In an effort to preserve these rituals of ours, I set about creating my first family rituals story book back almost two years ago. With Rick's help, I wrote down our daily rituals and our weekly rituals with as much detail as I could muster. I selected my favourite photos from that particular season (Autumn 2013), and I combined my words and imagery into a magazine-style story book using Adobe InDesign. It was a real labour of love, but after months of hard work, I finished the project and ended up with a beautiful book - printed by Artifact Uprising and titled Our Story Right Now - that perfectly captures our everyday family life looked like at that point in time, based on the things that we did day after day and week after week.
Whilst my original plan was to create a rituals story book every season, I've ended up making these twice a year instead - one in Autumn and one in Spring. You can read more about this story book concept here.
b) Documenting our weekly events and everyday moments
As I've written about in the past, our family's life albums remain the staple of my memory keeping endeavours. Our family's life albums cover every single aspect of our family: important milestones, big events (e.g. birthdays, holidays), the 'smaller' events (e.g. lunch at a cafe, a day at the beach, dinner with the grandparents, etc.), candid portraits, little moments, corners of our house, etc. In other words, our family life albums are the reference point for everything – this is why I see them as the building blocks for my memory-keeping. For sure, I also like creating photo books, story books, journals, and scrapbooks: these are projects that allow me to ‘zoom in’ and focus on a particular story or a particular period in time. However, at the end of the day, it’s our family’s life albums that tie everything together.
Every week, I spend about two hours at most on our family's life album. I do this every week of the year, and at the end of the year, I have a complete life album filled with memories for our family. (Whilst Our Story Right Now books capture what our family rituals look like at a particular point in time. Our family's life albums preserve the specifics of what actually takes place from week to week.)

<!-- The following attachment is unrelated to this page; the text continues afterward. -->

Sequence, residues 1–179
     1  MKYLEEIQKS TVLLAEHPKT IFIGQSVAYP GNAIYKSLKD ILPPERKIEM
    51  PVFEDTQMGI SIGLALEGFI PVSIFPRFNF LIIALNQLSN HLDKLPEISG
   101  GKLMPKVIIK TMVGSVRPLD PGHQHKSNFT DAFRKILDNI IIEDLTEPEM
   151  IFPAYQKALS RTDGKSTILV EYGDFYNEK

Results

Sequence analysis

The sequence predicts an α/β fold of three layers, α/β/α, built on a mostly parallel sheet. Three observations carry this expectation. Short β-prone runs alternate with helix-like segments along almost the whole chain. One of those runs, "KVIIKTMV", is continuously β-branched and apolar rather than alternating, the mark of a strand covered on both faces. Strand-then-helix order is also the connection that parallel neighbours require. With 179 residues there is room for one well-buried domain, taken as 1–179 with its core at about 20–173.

You can read more about our life albums here.
c) Documenting December
Inspired by Ali Edwards, I started this project at the end of 2013 because I wanted to document and showcase the month of December in greater detail and with greater 'oomph.' December is always such a crazy, hectic month for us (as I'm sure it is for most families) that the entire month just becomes a blur. I wanted something more tangible to remember the month by. A keepsake that not only celebrated all the important milestones and events like preschool concerts, the last day of school, Christmas Eve, Christmas Day, and New Year's eve, but also all the tiny, ordinary moments in between. Together, Rick and I both pitched in to write up a detailed narrative of each day in December. By the end of the month, we had pages and pages of text. I selected my favourite photos from the month, making sure that there was at least one for each of the thirty-one days, and created a story book in Adobe InDesign using both our words and the images that I'd chosen. I printed a soft cover book through Artifact Uprising and I was so happy with it that I decided to do it again last year and I fully intend to keep doing this every year from hereon.